Here it is, class of 2014. Our senior year. After all the trials and triumphs of our college careers, it is finally the time to actually enjoy college. No more battling upperclassmen during registration and room selection. No more trying to adjust to college life. This is it. This is our senior year.

Why do I love being a senior you ask? A wise friend once told me, “When you’re a senior, you don’t have to pretend to be normal.” And it’s true. By the time you’re a senior, Augustana’s impression of you has pretty much settled. All of your professors and friends already know who you are, where you came from, your hopes and dreams and your biggest nightmares. You no longer have to try to fit in, because you have been a part of this community since that time you had a panic attack in your adviser’s office.

You have friends. I mean actual friends, not your roommate’s ex-boyfriend’s second cousin with whom you hung out once and with whom you now have to avoid making eye contact in public. You have sweet, caring, loyal, honest and slightly crazy friends who share the same paranoia about post-graduation plans.

They understand your confusion, your frustration with the job search and your fear of growing up. It’s hard to think that this time next year, I’ll have to travel incredibly far to actually see my friends. Walking to the Duluth apartments doesn’t seem that bad now.

Senioritis is now a legitimate excuse for everything. Let’s face it; all seniors have earned the right to have senioritis. After three years of striving for good grades and a glorious resume with a bazillion collegiate activities and internships (only made possible by sleep deprivation and a coffee addiction), we deserve a little bit of a break. And by “break,” I mean I will wear yoga pants on a Monday if I want.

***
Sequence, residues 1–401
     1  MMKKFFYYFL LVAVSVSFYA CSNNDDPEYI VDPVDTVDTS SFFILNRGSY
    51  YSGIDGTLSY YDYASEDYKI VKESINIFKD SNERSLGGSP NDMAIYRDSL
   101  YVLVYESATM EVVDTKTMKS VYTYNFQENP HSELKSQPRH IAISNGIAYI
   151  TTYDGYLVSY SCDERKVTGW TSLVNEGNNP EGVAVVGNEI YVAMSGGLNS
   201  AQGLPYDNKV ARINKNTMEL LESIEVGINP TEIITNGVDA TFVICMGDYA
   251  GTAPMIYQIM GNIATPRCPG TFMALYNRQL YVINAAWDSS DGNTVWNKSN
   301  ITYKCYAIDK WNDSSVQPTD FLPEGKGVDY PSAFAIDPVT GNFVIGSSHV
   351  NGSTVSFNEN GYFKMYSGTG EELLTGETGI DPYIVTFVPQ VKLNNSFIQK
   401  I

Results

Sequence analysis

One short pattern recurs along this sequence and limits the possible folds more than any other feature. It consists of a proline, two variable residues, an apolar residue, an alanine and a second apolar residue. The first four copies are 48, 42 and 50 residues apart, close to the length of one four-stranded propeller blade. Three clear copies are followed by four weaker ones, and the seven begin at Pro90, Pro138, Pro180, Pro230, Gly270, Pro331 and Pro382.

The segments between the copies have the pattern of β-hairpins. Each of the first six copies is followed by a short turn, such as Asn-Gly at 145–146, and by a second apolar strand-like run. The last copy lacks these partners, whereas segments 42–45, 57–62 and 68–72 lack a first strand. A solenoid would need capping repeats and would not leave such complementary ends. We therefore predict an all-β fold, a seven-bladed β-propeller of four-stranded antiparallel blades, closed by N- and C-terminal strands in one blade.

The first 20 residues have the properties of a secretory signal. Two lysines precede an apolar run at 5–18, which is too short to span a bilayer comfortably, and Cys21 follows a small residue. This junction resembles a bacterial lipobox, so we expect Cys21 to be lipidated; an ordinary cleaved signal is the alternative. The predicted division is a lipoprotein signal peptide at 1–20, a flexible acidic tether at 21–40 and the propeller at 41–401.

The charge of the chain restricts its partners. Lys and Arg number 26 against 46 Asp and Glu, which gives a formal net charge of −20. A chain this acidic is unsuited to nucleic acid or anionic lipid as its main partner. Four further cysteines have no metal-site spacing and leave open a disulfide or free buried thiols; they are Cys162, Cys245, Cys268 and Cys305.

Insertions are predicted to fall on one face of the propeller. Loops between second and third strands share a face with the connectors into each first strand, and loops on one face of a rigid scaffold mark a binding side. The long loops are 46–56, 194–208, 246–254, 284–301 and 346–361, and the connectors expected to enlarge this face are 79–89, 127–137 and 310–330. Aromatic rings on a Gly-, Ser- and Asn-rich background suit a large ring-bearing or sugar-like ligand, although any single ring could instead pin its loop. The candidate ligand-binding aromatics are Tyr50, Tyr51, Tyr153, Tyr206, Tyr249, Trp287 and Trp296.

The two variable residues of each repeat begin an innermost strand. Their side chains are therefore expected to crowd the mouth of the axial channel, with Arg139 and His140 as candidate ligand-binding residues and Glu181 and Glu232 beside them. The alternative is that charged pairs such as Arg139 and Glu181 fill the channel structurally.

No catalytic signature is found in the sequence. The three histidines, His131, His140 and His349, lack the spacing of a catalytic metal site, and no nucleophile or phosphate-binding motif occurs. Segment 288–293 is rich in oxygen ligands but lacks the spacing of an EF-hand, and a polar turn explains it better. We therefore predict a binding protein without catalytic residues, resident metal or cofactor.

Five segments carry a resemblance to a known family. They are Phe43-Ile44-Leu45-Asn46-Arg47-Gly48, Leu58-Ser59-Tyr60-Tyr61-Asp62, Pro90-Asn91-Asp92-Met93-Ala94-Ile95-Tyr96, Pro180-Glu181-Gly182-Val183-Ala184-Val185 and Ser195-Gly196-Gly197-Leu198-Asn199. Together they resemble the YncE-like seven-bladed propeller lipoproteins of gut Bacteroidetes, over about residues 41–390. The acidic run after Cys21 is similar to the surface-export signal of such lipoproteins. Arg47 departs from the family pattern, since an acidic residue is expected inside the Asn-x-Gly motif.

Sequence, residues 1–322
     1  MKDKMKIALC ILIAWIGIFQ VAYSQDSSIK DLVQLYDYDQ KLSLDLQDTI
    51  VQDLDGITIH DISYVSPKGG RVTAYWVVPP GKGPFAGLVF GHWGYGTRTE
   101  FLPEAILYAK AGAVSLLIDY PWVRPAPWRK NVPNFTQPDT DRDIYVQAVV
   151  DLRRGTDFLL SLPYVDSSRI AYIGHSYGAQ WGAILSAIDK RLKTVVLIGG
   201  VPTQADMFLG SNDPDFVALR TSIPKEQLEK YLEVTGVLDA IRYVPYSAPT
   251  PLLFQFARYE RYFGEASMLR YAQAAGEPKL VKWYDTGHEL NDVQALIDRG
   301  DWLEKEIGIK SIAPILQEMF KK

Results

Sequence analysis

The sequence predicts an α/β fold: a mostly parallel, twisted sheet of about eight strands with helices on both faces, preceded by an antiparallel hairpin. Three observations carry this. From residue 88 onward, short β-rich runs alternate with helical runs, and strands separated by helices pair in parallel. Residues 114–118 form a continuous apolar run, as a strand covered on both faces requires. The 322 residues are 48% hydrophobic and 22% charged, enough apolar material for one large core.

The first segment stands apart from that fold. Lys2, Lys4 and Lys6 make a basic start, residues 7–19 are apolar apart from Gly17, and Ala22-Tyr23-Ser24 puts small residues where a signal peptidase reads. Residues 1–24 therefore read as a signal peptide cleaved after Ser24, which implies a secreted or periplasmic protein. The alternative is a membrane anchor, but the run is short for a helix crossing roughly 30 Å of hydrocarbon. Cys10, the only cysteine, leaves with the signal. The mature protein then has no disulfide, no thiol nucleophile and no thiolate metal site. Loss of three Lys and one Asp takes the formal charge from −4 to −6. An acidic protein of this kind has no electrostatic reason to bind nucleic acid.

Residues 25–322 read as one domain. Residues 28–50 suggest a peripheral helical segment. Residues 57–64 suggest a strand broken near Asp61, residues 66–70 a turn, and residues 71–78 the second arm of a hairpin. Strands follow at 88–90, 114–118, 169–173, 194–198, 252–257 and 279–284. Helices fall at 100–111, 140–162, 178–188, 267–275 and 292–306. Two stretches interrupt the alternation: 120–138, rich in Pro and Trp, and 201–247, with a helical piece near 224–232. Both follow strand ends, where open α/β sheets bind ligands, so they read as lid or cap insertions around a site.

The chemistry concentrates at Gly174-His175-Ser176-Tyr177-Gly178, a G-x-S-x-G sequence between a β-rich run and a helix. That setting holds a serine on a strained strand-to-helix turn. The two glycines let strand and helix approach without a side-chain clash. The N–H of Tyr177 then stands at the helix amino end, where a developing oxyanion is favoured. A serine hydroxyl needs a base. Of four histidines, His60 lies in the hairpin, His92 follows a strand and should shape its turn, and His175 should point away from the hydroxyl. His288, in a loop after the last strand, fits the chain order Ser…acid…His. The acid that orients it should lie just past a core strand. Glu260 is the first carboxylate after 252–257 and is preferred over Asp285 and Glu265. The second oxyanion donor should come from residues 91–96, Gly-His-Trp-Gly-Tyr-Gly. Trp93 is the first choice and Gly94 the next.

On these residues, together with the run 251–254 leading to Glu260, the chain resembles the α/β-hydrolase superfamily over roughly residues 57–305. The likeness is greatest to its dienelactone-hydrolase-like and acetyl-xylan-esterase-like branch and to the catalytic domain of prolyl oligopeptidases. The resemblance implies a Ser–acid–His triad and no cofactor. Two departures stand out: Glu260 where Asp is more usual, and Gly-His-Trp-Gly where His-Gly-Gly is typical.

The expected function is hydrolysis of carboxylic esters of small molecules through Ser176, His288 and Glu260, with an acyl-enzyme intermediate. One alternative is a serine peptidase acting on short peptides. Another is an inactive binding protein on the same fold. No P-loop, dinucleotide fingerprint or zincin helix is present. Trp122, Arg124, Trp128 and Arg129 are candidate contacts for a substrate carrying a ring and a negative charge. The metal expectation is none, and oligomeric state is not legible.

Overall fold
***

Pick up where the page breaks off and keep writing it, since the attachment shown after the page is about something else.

Senior year comes with a whole different set of concerns. We’re filling out graduate school applications, interviewing for jobs, hunting for new apartments, actually paying our bills (and not “accidentally” passing them to our parents) and other grown-up problems. It’s adorable when underclassmen complain about five-page papers.

After the last three beautifully terrifying years, I can proudly say that I have learned so much. The more the liberal arts teach you, the more you realize you didn’t know. You’ll find that the world you’re about to enter is immensely wonderful and, at the same time, incredibly frightening. But on the plus side, all of my professors have told me that life will turn out okay, and I trust them.

The best part is this: by the time you’re a senior, you’ll come to appreciate every minute you spend on this campus, because, let’s face it, everything will be your last. We just had our last Viking Days as students. We will have our last Christmas, last interim and last spring break of our college career. I found myself enjoying college a whole lot more because this is the end. Next Viking Days, we will be alumni.


Chi Ngo is a senior business administration and communication studies major from Hanoi, Vietnam.